Many thanks to Caroline and David Marsden for facilitating this camera's location.
The Farson streaming webcam has been installed to observe and monitor river levels and potential flooding on the A595 the Bridge. This serves as a proactive measure to ensure the safety and well-being of the surrounding area.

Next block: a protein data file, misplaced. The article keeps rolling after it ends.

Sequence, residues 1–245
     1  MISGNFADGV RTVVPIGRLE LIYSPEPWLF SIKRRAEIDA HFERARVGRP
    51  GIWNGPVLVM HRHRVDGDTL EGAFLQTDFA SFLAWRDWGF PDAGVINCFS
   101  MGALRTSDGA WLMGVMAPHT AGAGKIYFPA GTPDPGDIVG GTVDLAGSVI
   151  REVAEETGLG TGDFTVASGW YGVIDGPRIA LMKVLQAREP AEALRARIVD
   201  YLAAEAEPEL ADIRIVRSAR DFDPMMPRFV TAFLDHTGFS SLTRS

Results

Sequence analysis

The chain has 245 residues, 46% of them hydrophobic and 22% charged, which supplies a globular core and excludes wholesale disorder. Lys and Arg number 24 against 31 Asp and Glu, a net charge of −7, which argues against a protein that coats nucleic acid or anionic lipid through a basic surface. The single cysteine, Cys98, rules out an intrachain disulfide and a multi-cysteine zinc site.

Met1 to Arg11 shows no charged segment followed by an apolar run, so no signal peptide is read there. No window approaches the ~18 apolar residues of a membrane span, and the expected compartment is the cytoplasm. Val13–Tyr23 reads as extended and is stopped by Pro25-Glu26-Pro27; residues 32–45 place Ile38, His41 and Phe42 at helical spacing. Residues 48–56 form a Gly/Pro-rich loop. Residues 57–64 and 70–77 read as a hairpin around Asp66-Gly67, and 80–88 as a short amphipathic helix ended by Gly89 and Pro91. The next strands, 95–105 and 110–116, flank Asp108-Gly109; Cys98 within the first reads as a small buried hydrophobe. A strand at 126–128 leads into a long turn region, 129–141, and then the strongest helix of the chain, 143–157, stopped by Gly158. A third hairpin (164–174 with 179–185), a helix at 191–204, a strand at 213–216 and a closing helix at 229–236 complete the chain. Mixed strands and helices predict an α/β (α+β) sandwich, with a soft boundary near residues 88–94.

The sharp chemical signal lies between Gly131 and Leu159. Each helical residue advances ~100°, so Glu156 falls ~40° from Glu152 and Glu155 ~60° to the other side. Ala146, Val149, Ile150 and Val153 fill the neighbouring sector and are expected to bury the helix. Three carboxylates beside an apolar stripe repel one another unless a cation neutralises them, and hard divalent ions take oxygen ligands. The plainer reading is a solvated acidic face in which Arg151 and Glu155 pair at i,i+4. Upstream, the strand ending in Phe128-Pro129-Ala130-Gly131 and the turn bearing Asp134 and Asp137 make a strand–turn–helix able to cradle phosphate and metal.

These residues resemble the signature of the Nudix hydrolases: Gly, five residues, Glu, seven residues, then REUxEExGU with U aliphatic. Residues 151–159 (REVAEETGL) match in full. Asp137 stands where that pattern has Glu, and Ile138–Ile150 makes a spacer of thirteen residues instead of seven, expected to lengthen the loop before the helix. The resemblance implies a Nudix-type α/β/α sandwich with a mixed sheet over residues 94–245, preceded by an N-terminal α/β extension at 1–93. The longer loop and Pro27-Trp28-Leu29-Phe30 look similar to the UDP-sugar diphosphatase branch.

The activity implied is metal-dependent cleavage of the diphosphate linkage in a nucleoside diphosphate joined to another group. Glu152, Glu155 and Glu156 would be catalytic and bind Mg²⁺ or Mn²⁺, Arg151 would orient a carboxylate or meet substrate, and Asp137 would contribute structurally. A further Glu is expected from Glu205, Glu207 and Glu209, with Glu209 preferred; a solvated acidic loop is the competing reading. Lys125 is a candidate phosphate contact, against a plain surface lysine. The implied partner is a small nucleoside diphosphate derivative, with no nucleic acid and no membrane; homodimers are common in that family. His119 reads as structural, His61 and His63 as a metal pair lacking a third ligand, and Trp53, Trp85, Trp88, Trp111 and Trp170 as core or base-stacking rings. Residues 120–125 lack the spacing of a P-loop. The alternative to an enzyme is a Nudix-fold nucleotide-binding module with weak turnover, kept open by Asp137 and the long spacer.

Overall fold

Originating from the south-western end of Wast Water, the deepest lake in England, the River Irt begins its course at the base of Whin Rigg, the southern peak of the renowned Wastwater Screes. During its relatively short journey towards the coast, the Irt intersects with the Cumbria Coastal Way, a long-distance footpath, at Drigg Holme packhorse bridge. Passing through the Drigg Dunes and Irt Estuary Nature Reserve, the river eventually merges with the River Esk and River Mite at Ravenglass.Historically, in the 19th century, the River Irt gained fame for hosting freshwater mussels that produced highly sought-after black pearls. Unfortunately, due to rampant poaching, the mussels eventually became extinct in the River Irt, marking the end of this unique natural occurrence.In the context of World War II, Holmrook Hall played a significant role. Initially requisitioned by the Admiralty on behalf of the Royal Navy, local residents were informed that it served as a recuperation facility for shipwrecked and distressed sailors. However, the reality was quite different. Strategically positioned between ROF Drigg and ROF Sellafield, Holmrook Hall functioned as the Royal Navy's bomb and munitions training school from 1943 to 1946, operating under the codename HMS Volcano. Classified as a Top Secret site, it provided training in explosives handling and demolition techniques to Royal Navy personnel, the Special Boat Service, and Norwegian expatriates, contributing to the war effort.